Does TV news exploit TikTok?

Does TV news exploit TikTok?

By Simon Bucks,
Tuesday, 4th April 2023
TikTok CEO Chew Shou Zi testifying to a hostile Congressional hearing in late March (credit: Sky News)
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Despite government hostility, Generation Z have flocked to the Chinese social media platform and TV news is following them, says Simon Bucks.

TikTok is the new social media kid on the block, but it’s also stirring things up among broadcasters – and not simply because of its controversial Chinese ownership.

Fears that TikTok is mining our data and sending it to Beijing has created a tricky dilemma for media companies. The app has been banned from work devices by a number of governments, international bodies and companies and is under fire from the US Congress.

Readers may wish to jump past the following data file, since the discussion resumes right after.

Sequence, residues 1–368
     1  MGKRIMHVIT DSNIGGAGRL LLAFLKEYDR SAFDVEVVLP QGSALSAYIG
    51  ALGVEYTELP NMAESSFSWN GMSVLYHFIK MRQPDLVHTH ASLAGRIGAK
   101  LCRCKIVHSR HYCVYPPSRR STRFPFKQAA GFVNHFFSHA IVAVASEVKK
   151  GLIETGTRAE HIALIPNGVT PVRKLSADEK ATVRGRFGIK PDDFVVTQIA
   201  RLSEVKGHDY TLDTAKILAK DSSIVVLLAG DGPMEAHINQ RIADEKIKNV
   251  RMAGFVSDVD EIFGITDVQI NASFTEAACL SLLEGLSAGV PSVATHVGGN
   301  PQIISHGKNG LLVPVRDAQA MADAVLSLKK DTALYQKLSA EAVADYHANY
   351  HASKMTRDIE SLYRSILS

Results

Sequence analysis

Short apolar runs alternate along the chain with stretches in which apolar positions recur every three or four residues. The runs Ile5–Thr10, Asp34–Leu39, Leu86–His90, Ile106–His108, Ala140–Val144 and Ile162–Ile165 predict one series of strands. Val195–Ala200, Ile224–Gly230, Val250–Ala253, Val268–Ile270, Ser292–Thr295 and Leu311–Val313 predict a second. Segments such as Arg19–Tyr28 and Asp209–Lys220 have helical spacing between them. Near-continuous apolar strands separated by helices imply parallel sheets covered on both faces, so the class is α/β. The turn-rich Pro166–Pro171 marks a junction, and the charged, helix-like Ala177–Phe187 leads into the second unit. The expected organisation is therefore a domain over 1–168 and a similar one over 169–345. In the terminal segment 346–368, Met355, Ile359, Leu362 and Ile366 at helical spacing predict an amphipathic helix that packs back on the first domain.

But what started as a home for teenage dancing, fluffy pets and visual jokes has also become the principal weapon in the battle to reach those traditional news-avoiders, Generation Z.

So far, most UK newsrooms have decided that any security risk is outweighed by the reward of engaging the country’s 10 million 16- to 24-year-olds, who are watching everything from short clips to full-length reports and live output on the platform.

The BBC, while all but banning staff from using it on work phones, except for business purposes, seems to have concluded that 1 billion active monthly users can’t be wrong. BBC News, initially lukewarm, is now enthusiastic about its 1.3 million followers. Director-General Tim Davie told an RTS event in December that TikTok is now bigger in video for UK Gen Z than the corporation.